var result2 = (“55” === 55); //false - not equal because different data types

var result1 = (“55” != 55); //false - equal because of conversion 
var result2 = (“55” !== 55); //true - not equal because different data types

Conditional Operator The conditional operator is one of the most versatile in ECMAScript, and it takes on the same form as in Java, which is as follows:

variable = boolean_expression ? true_value : false_value;
while

The do-while statement is a post-test loop
meaning that the escape condition is evaluated only after the code inside the loop has been executed. The body of the loop is always executed at least once before the expression is evaluated

The while statement is a pretest loop. This means the escape condition is evaluated before the code inside the loop has been executed.

for

The for-in statement is a strict iterative statement. It is used to enumerate the properties of an object.
And here’s an example of its usage:

   for (var propName in window) { 
        document.write(propName); 
   }

The break statement exits the loop immediately, forcing execution to continue with the next statement after the loop.

The continue statement, on the other hand, exits the loop immediately, but execution continues from the top of the loop.

 var num = 0; 
 for (var i=1; i < 10; i++) { 
     if (i % 5 == 0) { 
     break; 
     } 
  num++; 
 } 
 alert(num); //4 
(when 5 -> break. jump out of for loop, force continue with the next statement)
--------------------------
 var num = 0; 
 for (var i=1; i < 10; i++) { 
     if (i % 5 == 0) { 
     continue; 
     } 
   num++; 
  } 
  alert(num); //8 
(5 and 10 - continue -> back to loop exit before num++)

When i reaches a value of 5, the loop is exited before num is incremented, but execution continues with the next iteration, when the value is 6. The loop then continues until its natural completion, when i is 10. The final value of num is 8 instead of 9, because one increment didn’t occur because of the continue statement.

with

The with statement was created as a convenience for times when a single object was being coded to over and over again, such as in this example:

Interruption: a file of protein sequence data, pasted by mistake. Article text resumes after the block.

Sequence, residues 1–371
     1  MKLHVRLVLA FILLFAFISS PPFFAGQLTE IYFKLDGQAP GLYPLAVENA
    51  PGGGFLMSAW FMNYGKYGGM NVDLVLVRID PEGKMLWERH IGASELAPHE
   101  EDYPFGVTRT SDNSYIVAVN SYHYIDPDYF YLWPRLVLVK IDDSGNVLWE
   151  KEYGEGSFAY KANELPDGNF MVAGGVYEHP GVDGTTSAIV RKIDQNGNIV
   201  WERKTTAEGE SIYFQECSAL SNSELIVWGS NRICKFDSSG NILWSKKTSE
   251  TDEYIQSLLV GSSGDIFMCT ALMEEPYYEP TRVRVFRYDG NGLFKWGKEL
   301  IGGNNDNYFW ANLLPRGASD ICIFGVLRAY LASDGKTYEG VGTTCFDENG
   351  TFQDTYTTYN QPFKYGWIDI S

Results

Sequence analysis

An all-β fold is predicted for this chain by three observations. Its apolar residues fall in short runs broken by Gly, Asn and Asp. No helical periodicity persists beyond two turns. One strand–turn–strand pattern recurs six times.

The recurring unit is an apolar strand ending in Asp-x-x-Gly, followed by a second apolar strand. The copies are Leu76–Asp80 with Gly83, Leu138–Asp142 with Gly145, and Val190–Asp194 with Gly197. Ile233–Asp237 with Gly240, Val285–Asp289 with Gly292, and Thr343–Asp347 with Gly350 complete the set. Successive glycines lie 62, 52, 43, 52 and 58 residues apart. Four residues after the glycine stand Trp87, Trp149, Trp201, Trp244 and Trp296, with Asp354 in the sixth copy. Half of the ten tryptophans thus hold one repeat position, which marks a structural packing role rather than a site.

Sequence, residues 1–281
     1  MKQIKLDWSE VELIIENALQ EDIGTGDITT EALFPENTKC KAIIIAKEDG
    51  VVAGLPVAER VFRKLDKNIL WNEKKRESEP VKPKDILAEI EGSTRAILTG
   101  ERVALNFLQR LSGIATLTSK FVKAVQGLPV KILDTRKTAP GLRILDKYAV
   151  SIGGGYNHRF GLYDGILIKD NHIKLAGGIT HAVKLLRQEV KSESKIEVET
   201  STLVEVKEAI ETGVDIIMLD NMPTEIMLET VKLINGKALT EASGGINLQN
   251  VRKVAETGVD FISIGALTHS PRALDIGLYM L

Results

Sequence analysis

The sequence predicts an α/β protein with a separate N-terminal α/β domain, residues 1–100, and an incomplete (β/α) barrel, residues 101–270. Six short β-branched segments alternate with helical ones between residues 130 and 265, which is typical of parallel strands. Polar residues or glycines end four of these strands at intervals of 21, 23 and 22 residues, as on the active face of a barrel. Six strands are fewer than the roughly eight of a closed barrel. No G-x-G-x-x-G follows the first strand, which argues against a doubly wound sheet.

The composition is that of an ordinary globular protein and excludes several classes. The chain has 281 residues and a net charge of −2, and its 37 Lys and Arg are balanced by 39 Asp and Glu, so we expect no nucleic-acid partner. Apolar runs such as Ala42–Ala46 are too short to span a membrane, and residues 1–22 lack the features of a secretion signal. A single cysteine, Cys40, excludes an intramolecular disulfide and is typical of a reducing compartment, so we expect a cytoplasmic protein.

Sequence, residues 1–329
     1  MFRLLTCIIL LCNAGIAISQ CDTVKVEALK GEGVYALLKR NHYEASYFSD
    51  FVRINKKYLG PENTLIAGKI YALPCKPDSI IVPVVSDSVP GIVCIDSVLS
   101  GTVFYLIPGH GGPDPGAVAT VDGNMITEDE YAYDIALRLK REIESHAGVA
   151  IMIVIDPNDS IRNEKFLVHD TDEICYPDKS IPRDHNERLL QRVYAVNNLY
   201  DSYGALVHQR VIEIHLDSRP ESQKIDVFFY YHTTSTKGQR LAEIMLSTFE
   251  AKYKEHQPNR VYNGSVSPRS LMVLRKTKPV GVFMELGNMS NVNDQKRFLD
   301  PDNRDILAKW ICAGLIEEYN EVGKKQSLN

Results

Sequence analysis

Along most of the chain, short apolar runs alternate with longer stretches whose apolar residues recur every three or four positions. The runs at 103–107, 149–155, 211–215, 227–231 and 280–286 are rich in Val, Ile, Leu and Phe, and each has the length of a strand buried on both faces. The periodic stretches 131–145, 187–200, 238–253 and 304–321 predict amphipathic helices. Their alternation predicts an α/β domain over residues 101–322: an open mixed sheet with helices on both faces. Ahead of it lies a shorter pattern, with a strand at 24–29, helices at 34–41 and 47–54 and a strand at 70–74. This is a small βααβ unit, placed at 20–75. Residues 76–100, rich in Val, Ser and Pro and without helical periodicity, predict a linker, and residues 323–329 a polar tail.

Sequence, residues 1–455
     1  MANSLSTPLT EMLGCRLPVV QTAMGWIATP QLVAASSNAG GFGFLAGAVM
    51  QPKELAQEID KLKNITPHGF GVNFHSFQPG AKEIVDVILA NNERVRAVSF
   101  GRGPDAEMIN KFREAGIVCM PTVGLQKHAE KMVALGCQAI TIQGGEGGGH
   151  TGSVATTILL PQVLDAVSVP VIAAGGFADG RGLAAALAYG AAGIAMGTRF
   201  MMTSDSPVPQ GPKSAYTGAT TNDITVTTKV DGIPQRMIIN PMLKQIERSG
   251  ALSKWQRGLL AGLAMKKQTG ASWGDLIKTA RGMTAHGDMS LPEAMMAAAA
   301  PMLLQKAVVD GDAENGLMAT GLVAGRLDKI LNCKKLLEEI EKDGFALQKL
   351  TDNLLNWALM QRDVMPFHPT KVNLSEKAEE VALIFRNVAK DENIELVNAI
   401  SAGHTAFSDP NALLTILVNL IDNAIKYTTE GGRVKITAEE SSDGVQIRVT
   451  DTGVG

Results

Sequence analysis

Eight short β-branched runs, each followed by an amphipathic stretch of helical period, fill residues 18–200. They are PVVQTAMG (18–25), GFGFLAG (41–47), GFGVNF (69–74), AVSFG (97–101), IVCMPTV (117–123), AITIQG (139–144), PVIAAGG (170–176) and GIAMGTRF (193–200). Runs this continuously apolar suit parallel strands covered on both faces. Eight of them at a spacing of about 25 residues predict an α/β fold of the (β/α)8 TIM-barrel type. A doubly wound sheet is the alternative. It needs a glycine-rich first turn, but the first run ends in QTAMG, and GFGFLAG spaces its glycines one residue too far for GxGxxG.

var qs = location.search.substring(1); 
var hostName = location.hostname; 
var url = location.href;
----------------------
with(location){ 
   var qs = search.substring(1); 
   var hostName = hostname; 
   var url = href; 
}
(更新:for Performance try not to use with)

Screen Shot 2013-12-14 at 12.52.33 am

Function

Functions are the core of any language, because they allow the encapsulation of statements that can be run anywhere and at any time.
This function can then be called by using the function name, followed by the function arguments enclosed in parentheses (and separated by commas, if there are multiple arguments)
Function arguments in ECMAScript don’t behave in the same way as function arguments in most other languages. An ECMAScript function doesn’t care how many arguments are passed in, nor does it care about the data types of those arguments. Just because you define a function to accept two arguments doesn’t mean you can pass in only two arguments.
arguments in ECMAScript are represented as an array internally. The array is always passed to the function, but the function doesn’t care what (if anything) is in the array. If the array arrives with zero items, that’s fine; if it arrives with more, that’s okay too. In fact, there actually is an arguments object that can be accessed while inside a function to retrieve the values of each argument that was passed in.
The arguments object acts like an array (though it isn’t an instance of Array) in that you can access each argument using bracket notation (the first argument is arguments[0], the second is arguments[1], and so on) and determine how many arguments were passed in by using the length property.

    function howManyArgs() { 
        alert(arguments.length); 
    } 
    howManyArgs(“string”, 45); //2 
    howManyArgs(); //0 
    howManyArgs(12); //1

ECMAScript functions cannot be overloaded in the traditional sense
If two functions are defined to have the same name in ECMAScript, it is the last function that becomes the owner of that name.
Functions in ECMAScript behave differently than functions in other languages:
➤ There is no need to specify the return value of the function since any function can return any value at any time.
➤ Functions that don’t specify a return value actually return the special value undefined.
➤ There is no such thing as a function signature, because arguments are passed as an array containing zero or more values.
➤ Any number of arguments can be passed into a function and are accessible through the arguments object.
➤ Function overloading is not possible because of the lack of function signatures.